The geographical location of Honduras between the Pacific and Atlantic Oceans exposes it to numerous and diverse natural hazards and extreme weather events. The impacts of climate change vary across the country: in the Caribbean, cyclones are more common, while in the center and south drought is more prevalent, along with the recurrent effects of the El Niño and La Niña phenomenon. Due to the topography, landslides are also quite common.
Honduras is the second largest country in Latin America and the Caribbean, and 68% of the population lives in conditions of poverty or extreme poverty. This population is also the most affected by natural disasters. Hurricanes Eta and Iota devastated the country in 2020, leaving more than a hundred people dead, 3.5 million people affected and displaced, and thousands of hectares of crops destroyed. Technical assistance is needed for indigenous communities, in particular the Lenca People in the western part of the country located in Montaña de Celaque National Park.
The CTCN, in conjunction with community resilience experts from the Government of Honduras (ICF), the UNESCO Chair in Sustainability, and the University of Aarhus and SDU, will support the implementation of strategies to develop nature-based solutions to increase the resilience of rural mountain communities in these areas affected by extreme weather events. They will conduct a demonstration pilot, codesigned with an indigenous community in Montaña de Celaque National Park. The technical assistance will support the creation of a multi-stakeholder working group for co-governance among all participating actors (government, communities and universities) for the development of an adaptation plan, develop a participatory model of disaster prevention through the use of nature-based solutions in the pilot community, and contribute to the development of multifunctional pilots for: 1) risk management of torrential rains; 2) reduction of the risk of erosion and landslides; 3) water conservation and water management in drought episodes; 4) use of rainwater; 5) treatment of diffuse pollution by agriculture and livestock and conservation of drinking water; and 6) sustainable sanitation for communities.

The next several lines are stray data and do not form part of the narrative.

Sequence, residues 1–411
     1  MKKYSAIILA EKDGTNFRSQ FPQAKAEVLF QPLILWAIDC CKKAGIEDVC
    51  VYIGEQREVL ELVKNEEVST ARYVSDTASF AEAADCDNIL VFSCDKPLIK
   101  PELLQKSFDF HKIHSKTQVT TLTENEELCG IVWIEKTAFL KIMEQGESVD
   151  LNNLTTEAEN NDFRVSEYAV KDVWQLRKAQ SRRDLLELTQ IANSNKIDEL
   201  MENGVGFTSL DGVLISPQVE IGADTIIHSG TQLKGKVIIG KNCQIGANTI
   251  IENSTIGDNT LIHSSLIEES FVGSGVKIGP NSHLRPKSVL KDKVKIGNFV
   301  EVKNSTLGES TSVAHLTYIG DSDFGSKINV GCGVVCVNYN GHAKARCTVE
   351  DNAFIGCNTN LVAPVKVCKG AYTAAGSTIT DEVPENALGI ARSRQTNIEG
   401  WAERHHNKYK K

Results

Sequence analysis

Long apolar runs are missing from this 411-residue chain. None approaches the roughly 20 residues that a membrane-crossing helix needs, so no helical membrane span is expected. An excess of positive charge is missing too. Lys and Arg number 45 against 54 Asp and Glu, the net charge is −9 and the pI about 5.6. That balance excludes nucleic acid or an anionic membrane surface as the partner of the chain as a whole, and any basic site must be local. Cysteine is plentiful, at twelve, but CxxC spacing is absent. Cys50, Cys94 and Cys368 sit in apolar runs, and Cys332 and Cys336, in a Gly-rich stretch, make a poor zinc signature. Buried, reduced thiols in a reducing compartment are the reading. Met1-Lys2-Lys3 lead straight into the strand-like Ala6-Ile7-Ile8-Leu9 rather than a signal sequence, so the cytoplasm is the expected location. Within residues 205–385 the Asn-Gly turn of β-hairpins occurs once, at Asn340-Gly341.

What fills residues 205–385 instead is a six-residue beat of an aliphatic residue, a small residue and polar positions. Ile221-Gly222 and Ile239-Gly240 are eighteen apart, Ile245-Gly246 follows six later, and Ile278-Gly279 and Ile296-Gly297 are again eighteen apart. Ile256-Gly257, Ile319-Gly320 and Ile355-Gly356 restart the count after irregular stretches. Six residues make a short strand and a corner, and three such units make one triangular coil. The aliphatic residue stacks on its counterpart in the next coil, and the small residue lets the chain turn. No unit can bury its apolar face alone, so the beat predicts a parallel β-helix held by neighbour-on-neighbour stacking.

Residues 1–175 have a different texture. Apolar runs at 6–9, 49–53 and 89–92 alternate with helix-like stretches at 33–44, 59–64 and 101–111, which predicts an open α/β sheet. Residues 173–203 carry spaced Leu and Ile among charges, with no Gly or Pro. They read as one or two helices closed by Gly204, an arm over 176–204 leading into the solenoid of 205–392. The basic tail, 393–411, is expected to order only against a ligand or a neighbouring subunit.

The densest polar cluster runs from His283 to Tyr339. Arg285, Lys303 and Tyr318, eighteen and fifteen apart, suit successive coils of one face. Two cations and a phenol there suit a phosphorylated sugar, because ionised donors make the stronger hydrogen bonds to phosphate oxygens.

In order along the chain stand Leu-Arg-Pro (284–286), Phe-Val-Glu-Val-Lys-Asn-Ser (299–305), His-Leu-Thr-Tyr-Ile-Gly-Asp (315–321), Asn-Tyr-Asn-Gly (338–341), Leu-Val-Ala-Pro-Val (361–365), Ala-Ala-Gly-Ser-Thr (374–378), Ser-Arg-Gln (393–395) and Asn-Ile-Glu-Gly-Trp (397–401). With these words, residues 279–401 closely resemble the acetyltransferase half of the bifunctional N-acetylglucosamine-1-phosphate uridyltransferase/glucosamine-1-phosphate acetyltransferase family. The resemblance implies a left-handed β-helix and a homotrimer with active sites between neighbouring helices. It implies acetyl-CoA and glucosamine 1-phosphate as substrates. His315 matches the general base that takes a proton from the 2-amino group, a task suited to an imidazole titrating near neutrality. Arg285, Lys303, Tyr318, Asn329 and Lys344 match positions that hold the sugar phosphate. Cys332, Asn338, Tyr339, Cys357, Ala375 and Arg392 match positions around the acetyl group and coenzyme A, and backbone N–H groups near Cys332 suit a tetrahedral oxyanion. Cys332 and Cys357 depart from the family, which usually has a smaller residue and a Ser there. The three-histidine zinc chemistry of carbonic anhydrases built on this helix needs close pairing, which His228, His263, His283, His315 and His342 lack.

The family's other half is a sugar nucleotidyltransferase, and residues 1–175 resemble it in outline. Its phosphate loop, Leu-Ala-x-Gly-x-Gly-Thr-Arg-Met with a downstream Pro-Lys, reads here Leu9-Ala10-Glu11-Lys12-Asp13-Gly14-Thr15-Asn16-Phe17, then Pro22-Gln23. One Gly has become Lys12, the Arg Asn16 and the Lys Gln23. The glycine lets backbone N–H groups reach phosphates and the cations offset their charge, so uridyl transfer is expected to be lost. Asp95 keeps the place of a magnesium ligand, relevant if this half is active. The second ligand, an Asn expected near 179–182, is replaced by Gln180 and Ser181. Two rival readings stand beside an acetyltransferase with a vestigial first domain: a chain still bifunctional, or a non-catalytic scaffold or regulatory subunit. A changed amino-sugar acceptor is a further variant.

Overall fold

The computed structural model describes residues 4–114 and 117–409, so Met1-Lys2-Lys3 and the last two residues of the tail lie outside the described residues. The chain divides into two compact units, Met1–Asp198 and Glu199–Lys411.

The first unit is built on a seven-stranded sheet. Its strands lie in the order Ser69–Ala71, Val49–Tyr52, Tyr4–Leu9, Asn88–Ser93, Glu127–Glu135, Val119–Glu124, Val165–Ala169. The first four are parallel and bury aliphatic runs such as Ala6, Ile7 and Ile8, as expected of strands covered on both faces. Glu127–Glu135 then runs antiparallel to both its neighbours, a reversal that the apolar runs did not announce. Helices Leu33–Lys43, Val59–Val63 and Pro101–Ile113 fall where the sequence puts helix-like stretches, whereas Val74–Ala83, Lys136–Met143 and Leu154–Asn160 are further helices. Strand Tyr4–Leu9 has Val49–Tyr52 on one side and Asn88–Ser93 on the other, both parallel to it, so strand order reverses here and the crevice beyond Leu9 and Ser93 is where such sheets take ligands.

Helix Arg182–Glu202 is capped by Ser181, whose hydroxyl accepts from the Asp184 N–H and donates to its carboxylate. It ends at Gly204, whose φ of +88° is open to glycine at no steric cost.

The technical assistance will bolster community resilience and disaster risk reduction, enhance adaptive food security by improving existing production systems, and promote equitable and inclusive sustainable rural community development for climate adaptation. With regard to gender, two inclusive sustainable business pilots will be developed for initiatives of women's and youth groups, based on the transformation of plastic waste from packaging and agricultural waste (bioeconomy).